If you’ve been basking in the misery of the post-GFC surf industry, then it’s time to step into the light brothers and sisters.
The modern portrayal of surfing has perplexed me for some time. I’ve been surfing heaps of times, and it’s never been in black and white. Also, what’s with all the avant-garde slo-mo, French chick voice-over pseudo-sophistication that’s been doing the rounds for the last five(ish) years? I know bucket loads of surfers, and they’re more or less without exception, complete idiots. In the best possible way. There’s nothing sophisticated about coastal Australia, but it’s rife with culture of another kind: larrikinism, in its purest form.
While the fallen giants of the surf industry are sitting in their stale boardrooms scratching their heads as to how there’re more people surfing than ever and they’re making less money than ever, a crew of spongers (and their entourage that includes some of Australia’s highest profile free surfers) have tapped into the very reason that surf culture took off in the first place: it’s an escape from the monotony of everyday life, and, it’s fucking fun. In the age of the Trump, Turnbull, the housing crisis, the re-energised threat of nuclear annihilation, and plenty other reasons to not want to buy into the big, fat, white lie, it’s no wonder that people are lapping up the subversive humour of a bunch of authentic Aussie miscreants. Not to mention the kudos that comes with putting yourself in horrendously dangerous aquatic situations for little reason other than the fact that a working class hellman is something to be.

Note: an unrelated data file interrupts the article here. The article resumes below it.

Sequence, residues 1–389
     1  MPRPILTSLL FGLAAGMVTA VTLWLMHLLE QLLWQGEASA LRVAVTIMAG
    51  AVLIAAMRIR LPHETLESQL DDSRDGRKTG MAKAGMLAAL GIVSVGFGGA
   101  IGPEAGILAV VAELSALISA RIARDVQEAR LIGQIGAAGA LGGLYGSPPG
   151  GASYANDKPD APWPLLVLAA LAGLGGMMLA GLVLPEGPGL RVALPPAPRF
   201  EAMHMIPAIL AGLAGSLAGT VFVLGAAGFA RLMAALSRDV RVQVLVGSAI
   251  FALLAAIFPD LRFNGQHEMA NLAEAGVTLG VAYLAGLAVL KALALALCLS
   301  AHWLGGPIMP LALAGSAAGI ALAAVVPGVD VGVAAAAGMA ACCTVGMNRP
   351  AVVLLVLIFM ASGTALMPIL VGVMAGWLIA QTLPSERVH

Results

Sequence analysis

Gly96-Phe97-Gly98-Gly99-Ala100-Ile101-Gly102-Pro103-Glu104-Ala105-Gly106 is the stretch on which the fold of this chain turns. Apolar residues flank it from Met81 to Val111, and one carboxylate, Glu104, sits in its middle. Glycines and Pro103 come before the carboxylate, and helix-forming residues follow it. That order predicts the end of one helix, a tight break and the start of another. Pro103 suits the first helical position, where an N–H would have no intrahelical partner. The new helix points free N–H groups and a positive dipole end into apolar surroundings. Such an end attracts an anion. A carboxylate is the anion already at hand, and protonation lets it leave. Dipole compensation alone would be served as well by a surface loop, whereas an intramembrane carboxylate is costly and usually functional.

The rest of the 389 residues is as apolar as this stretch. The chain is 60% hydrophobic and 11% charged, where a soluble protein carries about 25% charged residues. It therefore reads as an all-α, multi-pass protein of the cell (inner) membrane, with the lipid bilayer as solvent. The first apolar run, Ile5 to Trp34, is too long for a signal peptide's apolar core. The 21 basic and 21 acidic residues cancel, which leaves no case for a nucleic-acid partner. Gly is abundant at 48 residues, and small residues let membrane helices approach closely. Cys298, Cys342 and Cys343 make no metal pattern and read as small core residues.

After sending investigative reporter Roger Dat to the premiere a week or so ago, the Drag boys were kind enough to offer us an exclusive viewing of their new long player R.I.P (Rest In Pits). It was supposed to go live yesterday, but the surf was cooking down in county Drag, and deadlines were pushed. Long may that remain the business model.